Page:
Wisconsin’s Success in Reducing Hospital Infections Will Be Shared Nationally
Wisconsin one of five states selected to serve as national model for “how to” decrease infections
Mary Kay Grasmick, 608-274-1820, 575-7516
Madison (March 21, 2016) ---- A report released recently by the Wisconsin Hospital Association (WHA) documented progress hospitals here have made in reducing hospital-acquired infections. That success can be credited to the hard work and dedicated focus of health care professionals in Wisconsin hospitals to decrease infections and improve patient safety.
Important to the work within the hospitals is the support they receive from three key organizations: the Wisconsin Hospital Association; the Department of Public Health (DPH); and MetaStar, which represents Wisconsin in the Lake Superior Quality Improvement Network. DPH maintains robust surveillance processes to measure and track infections and potential outbreaks, an example of which is the recent work by DPH, working closely with the Centers for Disease Control (CDC), to identify the source of the Elizabethkingia outbreak in Wisconsin. WHA and MetaStar work with hospitals to help them decrease infection rates through the implementation of best practices. All three organizations are very focused on coordinating their work to avoid duplicating services and ensuring that all hospitals with higher-than-expected infection rates are getting assistance with their improvement work.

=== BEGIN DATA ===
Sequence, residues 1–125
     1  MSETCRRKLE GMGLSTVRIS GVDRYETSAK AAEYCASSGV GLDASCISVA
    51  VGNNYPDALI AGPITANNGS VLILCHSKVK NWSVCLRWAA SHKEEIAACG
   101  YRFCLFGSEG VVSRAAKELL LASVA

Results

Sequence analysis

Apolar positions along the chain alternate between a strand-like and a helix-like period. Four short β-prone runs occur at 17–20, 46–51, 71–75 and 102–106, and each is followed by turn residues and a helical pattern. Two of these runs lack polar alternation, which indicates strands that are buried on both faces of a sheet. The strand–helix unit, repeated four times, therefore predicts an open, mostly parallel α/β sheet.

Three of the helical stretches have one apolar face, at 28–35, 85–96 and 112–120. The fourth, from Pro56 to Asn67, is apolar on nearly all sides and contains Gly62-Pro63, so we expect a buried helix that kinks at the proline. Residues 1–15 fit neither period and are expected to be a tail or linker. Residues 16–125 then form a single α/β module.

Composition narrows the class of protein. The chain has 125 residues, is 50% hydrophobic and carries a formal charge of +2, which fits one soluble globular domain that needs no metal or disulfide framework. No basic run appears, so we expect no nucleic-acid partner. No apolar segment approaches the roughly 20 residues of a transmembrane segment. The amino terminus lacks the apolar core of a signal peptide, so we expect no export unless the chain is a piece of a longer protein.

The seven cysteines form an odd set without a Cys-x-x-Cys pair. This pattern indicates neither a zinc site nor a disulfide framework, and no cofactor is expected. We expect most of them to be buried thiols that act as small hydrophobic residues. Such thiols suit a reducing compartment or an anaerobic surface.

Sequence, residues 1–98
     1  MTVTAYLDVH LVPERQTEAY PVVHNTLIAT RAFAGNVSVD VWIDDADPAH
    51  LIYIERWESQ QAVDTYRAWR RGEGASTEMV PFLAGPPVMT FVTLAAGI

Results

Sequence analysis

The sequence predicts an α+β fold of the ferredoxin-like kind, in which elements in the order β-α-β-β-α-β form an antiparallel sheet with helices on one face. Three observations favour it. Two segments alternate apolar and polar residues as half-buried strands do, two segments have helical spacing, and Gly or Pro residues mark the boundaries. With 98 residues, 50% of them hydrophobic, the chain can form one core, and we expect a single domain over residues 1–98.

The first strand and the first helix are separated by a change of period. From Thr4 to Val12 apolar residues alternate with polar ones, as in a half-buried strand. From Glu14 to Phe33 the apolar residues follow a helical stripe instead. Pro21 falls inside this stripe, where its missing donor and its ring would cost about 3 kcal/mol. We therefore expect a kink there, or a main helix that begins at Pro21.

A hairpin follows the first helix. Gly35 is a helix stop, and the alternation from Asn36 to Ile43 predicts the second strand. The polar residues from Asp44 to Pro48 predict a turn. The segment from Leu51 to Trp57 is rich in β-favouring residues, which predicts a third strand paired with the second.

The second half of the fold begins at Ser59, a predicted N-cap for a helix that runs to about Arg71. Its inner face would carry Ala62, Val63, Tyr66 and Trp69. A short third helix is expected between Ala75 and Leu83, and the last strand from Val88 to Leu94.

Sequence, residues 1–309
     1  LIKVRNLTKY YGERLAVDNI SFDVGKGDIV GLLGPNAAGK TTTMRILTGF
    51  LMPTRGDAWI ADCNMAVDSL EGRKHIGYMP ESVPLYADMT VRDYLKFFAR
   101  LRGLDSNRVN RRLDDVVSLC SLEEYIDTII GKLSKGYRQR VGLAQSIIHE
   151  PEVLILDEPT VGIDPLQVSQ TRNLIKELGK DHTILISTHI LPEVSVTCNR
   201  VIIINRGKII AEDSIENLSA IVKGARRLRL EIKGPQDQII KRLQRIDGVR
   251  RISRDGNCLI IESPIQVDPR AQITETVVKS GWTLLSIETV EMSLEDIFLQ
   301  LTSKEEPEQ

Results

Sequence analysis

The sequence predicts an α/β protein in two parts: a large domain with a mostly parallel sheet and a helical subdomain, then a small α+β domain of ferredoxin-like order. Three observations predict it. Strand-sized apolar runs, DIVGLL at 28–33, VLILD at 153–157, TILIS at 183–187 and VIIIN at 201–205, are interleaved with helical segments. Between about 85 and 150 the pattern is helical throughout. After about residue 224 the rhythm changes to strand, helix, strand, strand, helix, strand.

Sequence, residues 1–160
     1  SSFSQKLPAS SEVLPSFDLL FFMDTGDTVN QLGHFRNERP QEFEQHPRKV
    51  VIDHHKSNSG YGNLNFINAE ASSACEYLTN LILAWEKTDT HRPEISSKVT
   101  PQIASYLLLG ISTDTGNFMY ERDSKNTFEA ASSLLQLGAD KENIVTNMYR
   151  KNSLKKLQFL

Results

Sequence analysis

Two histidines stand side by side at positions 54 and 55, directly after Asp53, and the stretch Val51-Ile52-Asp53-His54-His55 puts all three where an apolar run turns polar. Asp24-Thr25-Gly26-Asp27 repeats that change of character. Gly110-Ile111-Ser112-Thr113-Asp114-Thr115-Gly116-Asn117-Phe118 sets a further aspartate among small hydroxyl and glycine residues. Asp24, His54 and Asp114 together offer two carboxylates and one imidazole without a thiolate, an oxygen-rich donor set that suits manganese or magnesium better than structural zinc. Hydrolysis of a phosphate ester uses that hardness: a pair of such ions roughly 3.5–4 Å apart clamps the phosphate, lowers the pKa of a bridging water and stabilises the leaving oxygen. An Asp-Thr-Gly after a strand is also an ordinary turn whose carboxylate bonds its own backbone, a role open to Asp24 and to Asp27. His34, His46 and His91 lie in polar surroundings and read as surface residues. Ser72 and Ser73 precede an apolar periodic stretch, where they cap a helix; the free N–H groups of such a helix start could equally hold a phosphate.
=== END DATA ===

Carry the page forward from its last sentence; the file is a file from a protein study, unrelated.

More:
This highly collaborative partnership was recognized by the Health Research and Education Trust (HRET) with a contract, funded by the Centers for Disease Control (CDC), which asked Wisconsin to share their work related to reducing infections with hospitals across the country.
Wisconsin is one of only five states to receive a contract. The four other states are Michigan, Tennessee, Massachusetts and Arizona. Organizations in these five states will work with HRET and the CDC over the next 18 months to reduce hospital-acquired infections and develop learning content for other states to replicate their practices so they, too, can reduce their infection rates.
“Wisconsin is a highly collaborative state. While our hospitals and health systems may compete for patients, they truly believe that all patients, no matter where they go for care, should receive the safest care possible,” according to WHA President/CEO Eric Borgering. “WHA is proud to catalyze and encourage that sharing of best practices through the relationships we have with our partners at the Department of Public Health and MetaStar. Our goal is to not only continue our work to reduce hospital-acquired infections, but also to help other states develop similar relationships so they, too, can make health care safer in their states.”
Sharing best practices in Wisconsin has occurred for decades. Spreading what Wisconsin hospitals and health systems know with other states with the help of HRET and CDC is exciting, important work.
“The commitment to delivering the best care possible in every region of our own state is now taking on even great significance as our work is being shared across the country,” Borgerding said.
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